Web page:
The FAA is now starting to have second thoughts about granting early ETOPS certification – this is the essential approval that allows the plane to fly more than 60 minutes away from an emergency airport. Without this, most of the routes on which the 787 is planned to operate will be impossible.
Supplier problems continue, and most of the ‘completed’ 787s, currently parked at Boeing’s plant in Everett, WA, need extensive re-work to have both new and old problems resolved.
The plane also seems to be gaining weight – a very important issue for airlines, because the heavier the plane is, empty, the less the plane can carry in the way of passengers and freight, and the greater the fuel consumption just to fly the empty plane. An increase in weight (and therefore in fuel consumption) can also mean a reduction in effective range, and this has at least one airline (Air New Zealand) openly expressing concerns and now describing its order as ‘a potential decision’ rather than a firm commitment.
The costs of the delays and problems are enormous. Boeing’s initial budget for developing the 787 was about $5 billion. The costs of delays have added somewhere between an extra $12 billion to possibly as much as an extra $17 billion to the initial $5 billion budget.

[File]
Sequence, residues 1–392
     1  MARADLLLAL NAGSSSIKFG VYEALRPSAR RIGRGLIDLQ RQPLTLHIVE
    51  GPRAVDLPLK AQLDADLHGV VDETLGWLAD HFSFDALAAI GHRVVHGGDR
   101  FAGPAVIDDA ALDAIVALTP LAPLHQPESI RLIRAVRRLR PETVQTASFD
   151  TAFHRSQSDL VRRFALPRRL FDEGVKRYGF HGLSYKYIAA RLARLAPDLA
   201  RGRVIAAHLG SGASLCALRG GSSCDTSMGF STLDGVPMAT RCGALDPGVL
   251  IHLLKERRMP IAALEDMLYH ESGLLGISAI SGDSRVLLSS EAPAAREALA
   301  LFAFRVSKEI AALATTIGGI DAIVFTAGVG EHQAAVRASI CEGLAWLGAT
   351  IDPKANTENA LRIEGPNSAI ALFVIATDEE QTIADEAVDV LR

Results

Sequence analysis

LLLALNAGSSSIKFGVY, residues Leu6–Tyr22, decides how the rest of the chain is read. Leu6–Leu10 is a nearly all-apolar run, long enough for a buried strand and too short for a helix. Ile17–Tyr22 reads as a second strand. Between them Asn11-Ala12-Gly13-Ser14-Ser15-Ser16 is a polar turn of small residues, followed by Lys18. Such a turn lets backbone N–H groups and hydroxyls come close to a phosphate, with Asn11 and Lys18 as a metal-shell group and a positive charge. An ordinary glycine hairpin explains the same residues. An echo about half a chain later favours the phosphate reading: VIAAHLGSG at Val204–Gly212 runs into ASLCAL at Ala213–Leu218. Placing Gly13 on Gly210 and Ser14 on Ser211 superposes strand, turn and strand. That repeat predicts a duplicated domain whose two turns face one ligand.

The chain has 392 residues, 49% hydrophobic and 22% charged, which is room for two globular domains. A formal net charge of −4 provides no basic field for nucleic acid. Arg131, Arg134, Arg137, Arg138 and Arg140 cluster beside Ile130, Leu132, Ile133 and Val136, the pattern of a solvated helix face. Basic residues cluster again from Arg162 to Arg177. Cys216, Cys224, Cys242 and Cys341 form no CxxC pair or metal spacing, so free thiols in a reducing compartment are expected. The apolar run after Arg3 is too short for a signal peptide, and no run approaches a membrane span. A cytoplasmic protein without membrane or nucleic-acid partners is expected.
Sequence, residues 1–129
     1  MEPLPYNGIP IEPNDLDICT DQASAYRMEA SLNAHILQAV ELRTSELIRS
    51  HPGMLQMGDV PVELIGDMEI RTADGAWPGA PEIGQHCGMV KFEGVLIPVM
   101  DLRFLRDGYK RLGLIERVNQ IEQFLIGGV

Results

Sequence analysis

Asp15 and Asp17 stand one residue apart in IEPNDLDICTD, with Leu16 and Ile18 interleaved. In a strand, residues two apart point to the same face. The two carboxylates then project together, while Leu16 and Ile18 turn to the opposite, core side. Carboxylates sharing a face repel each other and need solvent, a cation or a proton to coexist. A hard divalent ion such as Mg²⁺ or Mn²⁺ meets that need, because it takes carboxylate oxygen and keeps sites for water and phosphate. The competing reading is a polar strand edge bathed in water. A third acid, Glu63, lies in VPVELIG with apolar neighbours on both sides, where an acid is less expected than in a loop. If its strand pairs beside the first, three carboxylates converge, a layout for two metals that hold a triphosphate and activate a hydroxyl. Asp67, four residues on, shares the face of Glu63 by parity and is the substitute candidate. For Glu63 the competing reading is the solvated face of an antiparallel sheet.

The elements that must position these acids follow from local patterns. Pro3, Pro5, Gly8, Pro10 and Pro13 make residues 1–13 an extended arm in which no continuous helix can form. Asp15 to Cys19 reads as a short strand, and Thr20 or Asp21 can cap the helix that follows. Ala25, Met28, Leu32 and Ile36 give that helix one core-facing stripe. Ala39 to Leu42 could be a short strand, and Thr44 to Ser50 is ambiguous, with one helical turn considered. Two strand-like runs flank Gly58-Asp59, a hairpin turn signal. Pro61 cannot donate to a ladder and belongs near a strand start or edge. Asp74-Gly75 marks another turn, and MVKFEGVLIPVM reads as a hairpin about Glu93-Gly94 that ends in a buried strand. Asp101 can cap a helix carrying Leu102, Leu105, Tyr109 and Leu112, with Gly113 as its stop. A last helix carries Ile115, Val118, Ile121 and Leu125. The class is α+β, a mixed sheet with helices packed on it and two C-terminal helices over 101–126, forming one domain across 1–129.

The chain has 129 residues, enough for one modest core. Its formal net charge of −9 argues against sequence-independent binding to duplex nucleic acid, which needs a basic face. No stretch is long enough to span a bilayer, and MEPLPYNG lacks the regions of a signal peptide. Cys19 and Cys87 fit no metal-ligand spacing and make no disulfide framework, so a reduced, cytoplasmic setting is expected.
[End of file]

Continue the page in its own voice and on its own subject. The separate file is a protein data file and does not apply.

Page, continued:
Meanwhile, Boeing has suffered 120 cancellations of 787 orders. Yes, it still has orders for a massive 846 planes on its books, but who knows how many other orders it has failed to win over the last year or two as the 787’s image has soured. Every Airbus A350 order, and just about every Airbus A330 order is a lost opportunity to Boeing, and so far this year, Airbus has picked up a net of 74 more orders for its A330 and 53 more orders for its A350. In comparison, Boeing has had a net loss of 5 orders for the 787 so far this year (36 new orders, mainly from United, which split an order in half for 25 A350s and 25 787s, and 41 cancellations).
For more information about these and other 787 problems, please see the appalling litany of problems in this very well written Seattle Times article.
My only quibble with the Seattle Times article is it uses the now way-too-overworked phrase ‘Boeing has bet its future (on the 787)’. This phrase was first used in the context of the 707, then trotted out again for the 747. It may have been true in those two previous cases, but clearly it is not true in this case, because if the 787 were to be considered a bet, by any and all standards, Boeing has surely lost it.